We return to Boston in less than a week, and none of us are ready to leave. It just seems like we haven't had enough time here, like it was only yesterday that I flew into Paris on my own and sat quietly in the apartment on Denfert-Rochereau with all the lights on, feeling small in a big city without my family around me. How I have changed! My French has improved hugely, and now this shining city feels like it's my own - I know the Métro now, and the girl behind the counter at the bakery, and the old man who watches soccer in the corner store. There are parts of the city where the street names are strange to me, where I don't know the people and feel unsafe, or like a foreigner stopping to look at the maps in the bus stops, but in my Paris a waiter at a café cheers me on as I go running in the mornings and the benches and bridges are familiar friends. In my Paris there are people who know what I will order before I say anything, and the boy who says "quel sourire!" when I walk by. I won't ever know the whole city - I am not even familiar with all the quiet streets and personalities of Cambridge, where I grew up - and that's okay. But I'm not ready to leave.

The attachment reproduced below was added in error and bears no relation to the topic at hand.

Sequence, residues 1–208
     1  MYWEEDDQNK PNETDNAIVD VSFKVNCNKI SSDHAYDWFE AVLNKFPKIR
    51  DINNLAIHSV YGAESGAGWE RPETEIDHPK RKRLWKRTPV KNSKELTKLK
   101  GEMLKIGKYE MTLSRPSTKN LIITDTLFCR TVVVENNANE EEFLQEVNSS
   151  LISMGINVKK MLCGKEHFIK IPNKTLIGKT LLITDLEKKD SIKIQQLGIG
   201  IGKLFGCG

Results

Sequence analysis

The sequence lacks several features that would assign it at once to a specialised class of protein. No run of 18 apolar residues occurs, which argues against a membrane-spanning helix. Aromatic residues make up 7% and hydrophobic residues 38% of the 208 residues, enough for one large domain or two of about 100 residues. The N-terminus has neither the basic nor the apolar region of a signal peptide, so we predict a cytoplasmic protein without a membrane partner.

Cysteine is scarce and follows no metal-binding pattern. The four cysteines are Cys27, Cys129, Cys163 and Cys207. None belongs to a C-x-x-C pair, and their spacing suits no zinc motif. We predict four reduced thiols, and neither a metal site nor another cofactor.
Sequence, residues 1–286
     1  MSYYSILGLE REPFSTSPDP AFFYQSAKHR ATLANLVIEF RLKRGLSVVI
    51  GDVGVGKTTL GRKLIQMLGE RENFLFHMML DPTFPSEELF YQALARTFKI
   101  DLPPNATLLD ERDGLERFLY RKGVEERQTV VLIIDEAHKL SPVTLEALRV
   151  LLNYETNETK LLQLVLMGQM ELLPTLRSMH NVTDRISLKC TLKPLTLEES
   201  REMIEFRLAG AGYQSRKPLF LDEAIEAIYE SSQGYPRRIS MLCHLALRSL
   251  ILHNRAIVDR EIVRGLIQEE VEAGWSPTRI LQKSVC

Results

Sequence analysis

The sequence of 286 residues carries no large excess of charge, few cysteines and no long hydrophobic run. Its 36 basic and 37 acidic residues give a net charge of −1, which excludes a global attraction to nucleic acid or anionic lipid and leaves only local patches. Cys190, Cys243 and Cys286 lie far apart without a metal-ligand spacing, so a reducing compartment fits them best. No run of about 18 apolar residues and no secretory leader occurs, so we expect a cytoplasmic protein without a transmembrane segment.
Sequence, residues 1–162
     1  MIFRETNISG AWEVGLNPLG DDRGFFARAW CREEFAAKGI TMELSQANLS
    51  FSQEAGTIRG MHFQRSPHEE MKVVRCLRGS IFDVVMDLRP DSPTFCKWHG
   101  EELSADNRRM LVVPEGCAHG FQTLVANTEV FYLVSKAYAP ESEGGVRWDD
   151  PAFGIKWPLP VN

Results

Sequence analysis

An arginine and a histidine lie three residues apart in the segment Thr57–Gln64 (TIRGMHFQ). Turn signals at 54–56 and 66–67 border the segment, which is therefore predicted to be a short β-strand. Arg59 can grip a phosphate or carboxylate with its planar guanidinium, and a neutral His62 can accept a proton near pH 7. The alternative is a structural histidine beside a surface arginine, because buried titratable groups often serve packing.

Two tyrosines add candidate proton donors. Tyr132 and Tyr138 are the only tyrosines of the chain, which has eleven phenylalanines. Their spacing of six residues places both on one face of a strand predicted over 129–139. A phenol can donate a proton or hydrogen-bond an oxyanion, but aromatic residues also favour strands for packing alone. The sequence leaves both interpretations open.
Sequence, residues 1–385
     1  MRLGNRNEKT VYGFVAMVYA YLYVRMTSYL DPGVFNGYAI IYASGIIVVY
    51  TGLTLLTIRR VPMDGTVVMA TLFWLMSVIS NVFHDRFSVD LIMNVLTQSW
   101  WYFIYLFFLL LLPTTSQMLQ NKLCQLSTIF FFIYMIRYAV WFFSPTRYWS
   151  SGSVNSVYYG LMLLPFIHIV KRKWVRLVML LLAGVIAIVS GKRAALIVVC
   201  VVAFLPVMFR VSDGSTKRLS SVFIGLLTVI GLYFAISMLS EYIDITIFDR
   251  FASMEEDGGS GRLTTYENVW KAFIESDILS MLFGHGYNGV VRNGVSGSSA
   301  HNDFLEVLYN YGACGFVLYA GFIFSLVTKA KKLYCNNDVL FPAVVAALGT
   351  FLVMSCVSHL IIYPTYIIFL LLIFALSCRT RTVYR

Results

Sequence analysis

I am not ready to go running by the Charles yet, to reacquaint myself with supermarkets and the fewer bridges and subway stops. I'm not ready for the surprise of everyone speaking English (will it be like an onslaught, where you can understand every word, every sentence, of conversations overheard in cafés?) and streets with no fountains built into the sides of stone buildings, where there are no statues on the street corners or submarine roofs soaring above the city. I might even miss the cigarette smoke.
None of us are ready to leave, and the apartment in the Marais reflects this: there are no boxes of clothes marked for the US or books separated from the bookshelves. My desk is its usual clutter of paper and Chapstick and contact solution. My brother's fancy chef's apron hangs in the kitchen, and our toothpaste is in the bathroom. None of us are ready to leave - emotionally or practically. And I would say that perhaps we should wait a little longer - just a week or two more perhaps - but I miss my friends, and, as much as it doesn't sound like it, I miss my city.
When you have moved to a new place, or back home, was it hard?